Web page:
We all have much to learn from our Special Olympics athletes
Let me start by saying that I believe competition is healthy. Competition is simply ingrained into our DNA from the time we had to compete simply for survival. Although we like to think we have evolved into a kinder, gentler breed of human, it really only takes a few minutes on Facebook during Cat/Griz week, or any rivalry really, to realize that sometimes we not only let our competitiveness get the better of us, but in some cases we have let it destroy friendships and even family ties. There are many who share a last name with another with whom they have refused to speak over the past week or so because the Cats beat the Griz and one of them went over the line with a comment.
In juxtaposition to the heated rivalry of the Cat/Griz game is the State Special Olympics Basketball Tournament that wrapped up in Butte the week before. Yes, the games were competitive and the athletes played to win, but that didn't seem like that was the reason they were playing. Heather Raymond is a Special Olympian and a good friend of mine. Heather plays for the Miners with her friends Shelby, Pam and Collin, "My favorite thing is hanging out with my friends," Heather said adding that she also loves the carnival. Not once did Heather talk about how many baskets she made. She didn't even really mention whether her Miners won or lost. What she DID bring up several times, and even in a letter that she wrote after our conversation, is her admiration for other Special Olympic basketball teams, particularly the Butte Rats. "32 is an amazing and the greatest friend ever," Heather wrote about a rival teammate. Number 32 for the Butte Rats, as it turns out is Jaymen "Hollywood" Foley who is not only a very talented athlete but also one of the biggest supporters of the Montana Tech Orediggers that you will ever find. Hollywood has been on the radio before to promote the Special Olympics, but with her it is the same story. She talks about the friendships. She talks about which teams will be playing. But most of all, she talks about the frieindships that she has made as a result of the competition. And no matter the Special Olympian you are talking to, it always comes back to friendship.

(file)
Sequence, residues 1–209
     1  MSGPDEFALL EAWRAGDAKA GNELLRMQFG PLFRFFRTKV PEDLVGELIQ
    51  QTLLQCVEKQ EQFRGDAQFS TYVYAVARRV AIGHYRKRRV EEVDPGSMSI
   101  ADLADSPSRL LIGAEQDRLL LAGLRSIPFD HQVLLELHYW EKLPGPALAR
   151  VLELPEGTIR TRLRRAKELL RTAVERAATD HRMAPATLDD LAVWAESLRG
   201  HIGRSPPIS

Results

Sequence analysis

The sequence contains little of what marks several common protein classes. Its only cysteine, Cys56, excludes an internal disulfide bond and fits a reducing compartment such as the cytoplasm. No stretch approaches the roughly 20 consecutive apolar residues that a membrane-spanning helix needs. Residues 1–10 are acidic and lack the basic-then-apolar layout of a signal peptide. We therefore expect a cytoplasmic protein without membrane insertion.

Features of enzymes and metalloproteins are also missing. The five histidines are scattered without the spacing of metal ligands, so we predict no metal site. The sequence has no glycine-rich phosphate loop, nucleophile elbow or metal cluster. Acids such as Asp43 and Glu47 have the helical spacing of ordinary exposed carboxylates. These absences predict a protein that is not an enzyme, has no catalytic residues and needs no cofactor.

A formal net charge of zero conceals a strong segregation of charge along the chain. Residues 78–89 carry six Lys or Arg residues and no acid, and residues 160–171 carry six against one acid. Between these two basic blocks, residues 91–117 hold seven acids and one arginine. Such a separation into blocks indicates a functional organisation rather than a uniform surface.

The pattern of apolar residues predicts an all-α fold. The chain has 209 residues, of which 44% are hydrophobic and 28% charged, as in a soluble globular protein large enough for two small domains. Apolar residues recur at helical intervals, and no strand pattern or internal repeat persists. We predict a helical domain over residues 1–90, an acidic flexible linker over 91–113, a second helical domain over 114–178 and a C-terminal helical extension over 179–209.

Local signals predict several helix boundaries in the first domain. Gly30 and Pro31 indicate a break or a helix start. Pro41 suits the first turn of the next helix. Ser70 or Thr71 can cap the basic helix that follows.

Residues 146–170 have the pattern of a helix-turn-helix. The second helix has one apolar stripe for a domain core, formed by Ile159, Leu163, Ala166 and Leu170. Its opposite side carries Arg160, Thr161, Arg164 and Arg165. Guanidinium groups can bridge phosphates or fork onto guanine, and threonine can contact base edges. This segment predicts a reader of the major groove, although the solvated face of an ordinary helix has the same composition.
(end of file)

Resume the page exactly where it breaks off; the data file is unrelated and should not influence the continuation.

As a society, we can really learn a lot from our Special Olympians. We need to think a little less about how we can get ourselves ahead. We need to think about our friendships. How many friends do we have? As Heather and Hollywood will tell us, this is the only final score that matters.